From Home (-maker) to Hospital (-driver)
The story of Mariam Diarra in Mali
From Home (-maker) to Hospital (-driver)
Written by: DIA Kadidia Tangara, Communications Officer, Accountability Lab, Linking and Learning Facilitator, Mali
To promote gender in transport especially for referrals to health centres in the case of obstetric emergencies, is precisely the innovation that NGO PIEACPD, (Plateforme d’Initiatives, d’Expertises en Éducation et d’Appui à la promotion des Collectivités Décentralisées or Platform for Initiatives, Expertise in education and support for the promotion of decentralised bodies) would like to develop as part of an Innovate and Learn grant in Mali. This is under the project of prevention and response to obstetric fistula through improved transport.
The ‘operation’ kicked off in a Community Health Centre in Samine in the Segou region. Mariam Diarra had the honour as one of the first women to participate.
The problem: fistula
Fistula is a hole in the birth canal caused by obstructed labour. It happens more in rural areas where there is a lack of medically qualified personnel. It is caused by, among others, delays in referring to hospitals (so-called ‘first delay’), harmful gender-based practices such as Female Genital Mutilation, child marriage, poverty, distance from a health centre, delays at the facility itself to administer health care, and giving birth at a young age (under 18), as well as malnutrition.
The consequences of obstetric fistula can be enormous. They include, for example, injury, stillbirth, social exclusion, marginalisation, isolation, religious exclusion, abandonment by the husband, divorce, legal separation, reduced working time and loss in purchasing power, and psychological trauma.
For NGOs like PIEACPD, safeguarding social well-being also means access for all to quality health care, including reproductive health, and obstetric fistula.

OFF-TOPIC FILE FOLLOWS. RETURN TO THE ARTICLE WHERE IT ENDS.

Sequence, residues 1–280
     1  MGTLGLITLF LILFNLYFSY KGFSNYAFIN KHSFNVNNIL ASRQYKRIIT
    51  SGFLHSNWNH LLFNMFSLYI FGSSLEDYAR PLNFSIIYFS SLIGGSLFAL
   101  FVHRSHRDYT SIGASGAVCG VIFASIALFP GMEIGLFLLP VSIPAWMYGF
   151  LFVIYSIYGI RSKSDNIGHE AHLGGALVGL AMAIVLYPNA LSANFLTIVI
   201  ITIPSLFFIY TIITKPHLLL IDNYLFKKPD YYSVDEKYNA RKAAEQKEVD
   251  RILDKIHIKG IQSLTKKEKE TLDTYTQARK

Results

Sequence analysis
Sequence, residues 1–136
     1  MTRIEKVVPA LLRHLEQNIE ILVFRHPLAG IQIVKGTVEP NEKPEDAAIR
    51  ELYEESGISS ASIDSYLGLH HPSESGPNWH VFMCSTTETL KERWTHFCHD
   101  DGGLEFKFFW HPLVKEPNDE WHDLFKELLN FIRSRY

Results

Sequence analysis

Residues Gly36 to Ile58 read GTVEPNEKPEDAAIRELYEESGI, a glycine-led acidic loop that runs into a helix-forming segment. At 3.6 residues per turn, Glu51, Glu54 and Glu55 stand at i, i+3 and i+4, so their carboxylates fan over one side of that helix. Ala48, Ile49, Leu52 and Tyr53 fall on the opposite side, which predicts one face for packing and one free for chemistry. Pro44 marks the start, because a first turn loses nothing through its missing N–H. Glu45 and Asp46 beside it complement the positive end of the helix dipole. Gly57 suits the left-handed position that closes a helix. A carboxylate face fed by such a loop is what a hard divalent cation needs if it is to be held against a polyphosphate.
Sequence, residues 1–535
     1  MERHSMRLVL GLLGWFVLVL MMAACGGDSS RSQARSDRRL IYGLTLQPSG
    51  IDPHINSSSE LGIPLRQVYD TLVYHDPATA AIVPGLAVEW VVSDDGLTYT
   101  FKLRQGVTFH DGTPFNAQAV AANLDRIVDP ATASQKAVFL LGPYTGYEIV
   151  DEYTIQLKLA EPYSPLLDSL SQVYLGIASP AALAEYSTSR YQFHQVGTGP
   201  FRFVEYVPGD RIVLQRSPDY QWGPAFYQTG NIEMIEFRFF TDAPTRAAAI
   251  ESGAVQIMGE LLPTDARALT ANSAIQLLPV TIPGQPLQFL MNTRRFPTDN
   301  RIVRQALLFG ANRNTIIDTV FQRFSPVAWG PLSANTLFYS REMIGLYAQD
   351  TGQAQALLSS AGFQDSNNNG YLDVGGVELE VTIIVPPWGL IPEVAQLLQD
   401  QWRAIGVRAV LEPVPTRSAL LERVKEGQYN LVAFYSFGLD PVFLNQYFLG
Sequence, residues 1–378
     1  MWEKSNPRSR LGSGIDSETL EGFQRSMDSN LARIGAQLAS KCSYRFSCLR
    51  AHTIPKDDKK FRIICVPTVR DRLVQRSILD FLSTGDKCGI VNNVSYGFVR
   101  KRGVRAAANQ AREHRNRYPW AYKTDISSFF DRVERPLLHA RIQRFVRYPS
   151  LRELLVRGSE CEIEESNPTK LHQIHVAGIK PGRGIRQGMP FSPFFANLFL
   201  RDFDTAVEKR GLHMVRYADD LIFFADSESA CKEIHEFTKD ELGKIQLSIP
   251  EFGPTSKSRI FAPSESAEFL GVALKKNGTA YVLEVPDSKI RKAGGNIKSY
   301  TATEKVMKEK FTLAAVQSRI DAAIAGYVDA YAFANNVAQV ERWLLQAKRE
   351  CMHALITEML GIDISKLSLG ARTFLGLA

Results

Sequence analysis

The case of Mariam resembles that of thousands of women who, in anonymity, suffer quietly the after-effects of obstetric trauma.
Following the first meetings with PIEAPCD, as part of the Voice project to reduce the risk of obstetric fistula, Mariam Diarra was one of the first candidates for driving a motorbike ambulance for the Samine Community Health Centre. Driving an ambulance is a role reserved for men only and, the motorcycle ambulances are also a novelty, at least in this locality where men dominate in decision-making. Because of this role, Mariam Diarra and two of her colleagues have obtained a status in which they will be more respected and will henceforth participate in decisions on referral management in case of medical evacuation.
Mariam has strengthened her skills in understanding how to drive, she knows how to use the motorbike ambulance by learning and with the support of another organisation she has a telephone and is accessible to all women requiring referral to the Community Health Centre.
She uses her motorcycle ambulance to raise awareness among women and youth about obstetric fistula and participates in case identification to be treated at the NIANAKORO FOMBA Hospital in Ségou.
A housekeeper, Mariam Diarra has become a driver or a femme fatale and now is a key component of the management of the Samine Health Centre. The project is demonstrating that it is possible that women, too, can play the role of ambulance attendants and participate effectively in reducing obstetrical risks and improving emergency care.
In her own words:
« I have already been a survivor of obstetrical risks, I know the suffering, I was evacuated to Segou, my child did not survive, I had the chance to be alive, but I could no longer have children as the doctors performed a hysterectomy. Here I have another chance, I can help other women to go to the health Center quickly by driving the motorbike ambulance myself. I also have a motivation related to this work that allows me to take care of my children. I feel more useful in my community, participating in public meetings. »
Mariam Diarra is a great example of promoting gender equality in the transport sector and more specifically to help improve access to health care for women in rural areas.